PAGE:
The legislative history to the APA makes clear that the "good cause" exceptions to notice and comment are intended for true emergencies only. " 'Impracticable' means a situation in which the due and required execution of the agency functions would be unavoidably prevented by its undertaking public rule-making proceedings...." Senate Rpt. No. 752, 79th Cong., 1st Sess. at 16 (1945), quoted in American Iron & Steel Institute v. EPA, 568 F.2d 284, 292 (3rd Cir.1977); State of South Carolina v. Block, supra, 558 F.Supp. at 1016. The case law has steadfastly reflected this legislative intention. For example, courts have found "good cause" for omitting public notice and comment where an agency is threatened with impairment of its functioning, American Transfer & Storage Co. v. ICC, 719 F.2d 1283, 1292-94 (5th Cir.1983), or needs to provide guidance on imminent hearings, Arizona State Dept. of Public Welfare v. HEW, 449 F.2d 456, 481 (9th Cir.1971), cert. denied 405 U.S. 919, 92 S.Ct. 945, 30 L.Ed.2d 789 (1972). In other cases, "good cause" has been found when the agency is operating under exceedingly short legislative or judicial timetables. E.g., Philadelphia Citizens in Action v. Schweiker, 669 F.2d 877 (3rd Cir.1982) (amendments enacted forty-nine days before "wholesale revisions" of regulations were required to take effect); American Federation of Government Employees v. Block, 655 F.2d 1153 (D.C.Cir.1981) (court injunction requiring immediate adoption of regulations, plus threat of severe harm to poultry industry if regulations were not quickly adopted, constitute good cause).

"Good cause" has also been found in contexts where quick administrative action is necessitated without prior notice, such as in imposition of price controls or quotas on goods. Mobil Oil, supra, 728 F.2d at 1491-92 ("mere announcement" of proposed oil industry rule could cause price discrimination and market dislocations); DeRieux v. Five Smiths, Inc., 499 F.2d 1321, 1332 (Temp.Em.App.), cert. denied, 419 U.S. 896, 95 S.Ct. 176, 42 L.Ed.2d 141 (1974) (announcement of future price freeze would create massive rush to raise prices).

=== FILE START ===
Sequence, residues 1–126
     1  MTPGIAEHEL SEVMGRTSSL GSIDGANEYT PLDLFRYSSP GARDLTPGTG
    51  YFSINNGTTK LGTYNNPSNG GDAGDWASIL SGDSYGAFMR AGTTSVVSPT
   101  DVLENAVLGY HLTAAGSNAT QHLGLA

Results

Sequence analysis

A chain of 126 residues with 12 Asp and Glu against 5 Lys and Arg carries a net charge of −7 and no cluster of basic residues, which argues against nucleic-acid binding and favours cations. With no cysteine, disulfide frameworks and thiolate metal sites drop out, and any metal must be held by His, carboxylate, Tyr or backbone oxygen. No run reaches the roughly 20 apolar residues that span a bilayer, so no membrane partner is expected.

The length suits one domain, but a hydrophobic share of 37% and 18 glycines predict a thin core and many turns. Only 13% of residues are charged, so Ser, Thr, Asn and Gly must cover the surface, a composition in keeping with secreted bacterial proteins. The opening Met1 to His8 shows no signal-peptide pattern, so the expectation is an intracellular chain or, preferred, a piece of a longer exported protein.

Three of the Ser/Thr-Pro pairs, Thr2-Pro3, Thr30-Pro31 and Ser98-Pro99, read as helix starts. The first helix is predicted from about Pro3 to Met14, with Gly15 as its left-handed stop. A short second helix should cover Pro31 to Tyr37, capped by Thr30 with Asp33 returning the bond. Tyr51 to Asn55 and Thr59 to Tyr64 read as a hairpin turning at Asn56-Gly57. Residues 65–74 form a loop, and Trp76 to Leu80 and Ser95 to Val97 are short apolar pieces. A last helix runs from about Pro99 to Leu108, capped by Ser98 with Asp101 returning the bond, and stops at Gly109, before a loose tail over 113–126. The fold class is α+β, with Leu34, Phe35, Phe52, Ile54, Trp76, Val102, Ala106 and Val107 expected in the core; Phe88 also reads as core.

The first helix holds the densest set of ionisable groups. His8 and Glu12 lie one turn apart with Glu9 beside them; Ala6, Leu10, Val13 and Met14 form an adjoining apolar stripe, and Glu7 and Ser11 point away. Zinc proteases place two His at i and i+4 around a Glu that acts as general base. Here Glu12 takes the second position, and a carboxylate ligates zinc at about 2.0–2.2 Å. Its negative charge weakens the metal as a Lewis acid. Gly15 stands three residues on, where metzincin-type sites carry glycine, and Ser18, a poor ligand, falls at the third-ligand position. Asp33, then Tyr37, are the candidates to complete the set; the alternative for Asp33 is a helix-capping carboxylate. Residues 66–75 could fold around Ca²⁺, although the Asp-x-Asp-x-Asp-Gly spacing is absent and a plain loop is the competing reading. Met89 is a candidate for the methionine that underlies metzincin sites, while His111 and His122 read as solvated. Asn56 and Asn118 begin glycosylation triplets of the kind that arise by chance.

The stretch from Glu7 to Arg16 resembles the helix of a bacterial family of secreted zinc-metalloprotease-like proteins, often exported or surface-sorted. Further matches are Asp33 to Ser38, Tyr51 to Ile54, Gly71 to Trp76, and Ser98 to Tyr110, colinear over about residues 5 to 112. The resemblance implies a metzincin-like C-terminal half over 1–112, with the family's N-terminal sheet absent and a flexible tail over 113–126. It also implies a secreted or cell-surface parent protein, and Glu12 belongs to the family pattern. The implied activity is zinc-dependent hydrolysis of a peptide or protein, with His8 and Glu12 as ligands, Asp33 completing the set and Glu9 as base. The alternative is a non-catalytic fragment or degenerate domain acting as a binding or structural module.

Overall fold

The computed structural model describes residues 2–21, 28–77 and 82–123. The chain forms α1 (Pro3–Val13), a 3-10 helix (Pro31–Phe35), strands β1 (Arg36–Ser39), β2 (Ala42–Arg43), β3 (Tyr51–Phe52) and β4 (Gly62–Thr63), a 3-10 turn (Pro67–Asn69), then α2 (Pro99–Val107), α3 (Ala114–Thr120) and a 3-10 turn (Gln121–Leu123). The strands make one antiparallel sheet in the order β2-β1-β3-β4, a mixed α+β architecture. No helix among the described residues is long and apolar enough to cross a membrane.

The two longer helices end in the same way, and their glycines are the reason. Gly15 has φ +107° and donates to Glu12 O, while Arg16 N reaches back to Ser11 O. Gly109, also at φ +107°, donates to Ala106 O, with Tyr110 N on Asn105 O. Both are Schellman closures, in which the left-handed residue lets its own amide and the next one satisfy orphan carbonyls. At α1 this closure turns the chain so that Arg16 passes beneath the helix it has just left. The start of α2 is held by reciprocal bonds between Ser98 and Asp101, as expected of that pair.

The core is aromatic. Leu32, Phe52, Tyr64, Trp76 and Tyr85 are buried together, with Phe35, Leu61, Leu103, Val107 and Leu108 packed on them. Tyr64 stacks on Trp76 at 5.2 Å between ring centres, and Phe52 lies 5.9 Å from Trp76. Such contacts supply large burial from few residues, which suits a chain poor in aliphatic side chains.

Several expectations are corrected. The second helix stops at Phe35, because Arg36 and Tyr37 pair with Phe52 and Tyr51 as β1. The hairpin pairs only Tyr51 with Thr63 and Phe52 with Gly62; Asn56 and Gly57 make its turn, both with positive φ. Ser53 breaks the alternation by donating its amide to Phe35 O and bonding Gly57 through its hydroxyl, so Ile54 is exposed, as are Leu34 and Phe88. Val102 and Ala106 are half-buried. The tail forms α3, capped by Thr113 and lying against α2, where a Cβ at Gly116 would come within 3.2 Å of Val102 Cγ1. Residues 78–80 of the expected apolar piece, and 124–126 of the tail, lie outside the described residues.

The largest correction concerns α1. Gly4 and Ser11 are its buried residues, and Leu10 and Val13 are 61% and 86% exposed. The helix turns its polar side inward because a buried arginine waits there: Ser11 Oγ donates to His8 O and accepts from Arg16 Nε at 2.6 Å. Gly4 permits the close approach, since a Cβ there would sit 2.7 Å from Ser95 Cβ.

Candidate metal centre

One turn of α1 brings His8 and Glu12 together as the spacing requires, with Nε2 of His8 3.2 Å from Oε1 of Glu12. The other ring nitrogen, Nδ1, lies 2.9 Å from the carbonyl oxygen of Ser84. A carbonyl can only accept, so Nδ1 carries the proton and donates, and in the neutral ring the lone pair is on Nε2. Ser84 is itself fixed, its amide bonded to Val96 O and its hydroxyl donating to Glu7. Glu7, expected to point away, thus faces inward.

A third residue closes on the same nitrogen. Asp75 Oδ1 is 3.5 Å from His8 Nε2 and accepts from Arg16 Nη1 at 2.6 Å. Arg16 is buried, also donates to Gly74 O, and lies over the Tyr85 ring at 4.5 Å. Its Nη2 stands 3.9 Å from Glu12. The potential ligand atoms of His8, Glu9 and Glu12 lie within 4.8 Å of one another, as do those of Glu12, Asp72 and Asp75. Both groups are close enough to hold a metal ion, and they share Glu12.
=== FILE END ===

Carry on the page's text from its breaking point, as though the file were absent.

By contrast, where the agency has had substantial time in which to offer proposed regulations or rules for public comment or input, courts have refused to find any "good cause" for omitting this requirement, even where--as here--the agency argues that an impending deadline or "emergency" made notice and comment impracticable. E.g., Kollett v. Harris, 619 F.2d 134, 145 (1st Cir.1980) (no good cause where agency had fourteen months between legislative enactment and effective date of regulations); American Iron & Steel Institute v. EPA, 568 F.2d 284 (3rd Cir.1977) (no "good cause" where EPA knew of duty to promulgate regulations three years before deadline); Consumers' Union v. Sawhill, 393 F.Supp. 639 (D.D.C.), aff'd 523 F.2d 1404 (Em.App.1957) (more than one year existed between passage of act and final deadline for regulations); Levesque v. Block, supra, 723 F.2d at 184 (no good cause where Congress wanted agency to act "with dispatch" in promulgating food stamp regulation revisions, but did not specify a time deadline).

Even a six-month deadline has been held sufficient time in which to offer proposed regulations for comment. U.S. Steel, 595 F.2d at 214-15; City of Waco, 620 F.2d at 86; Sharon Steel Corp. v. EPA, 597 F.2d 377 (3rd Cir.1979).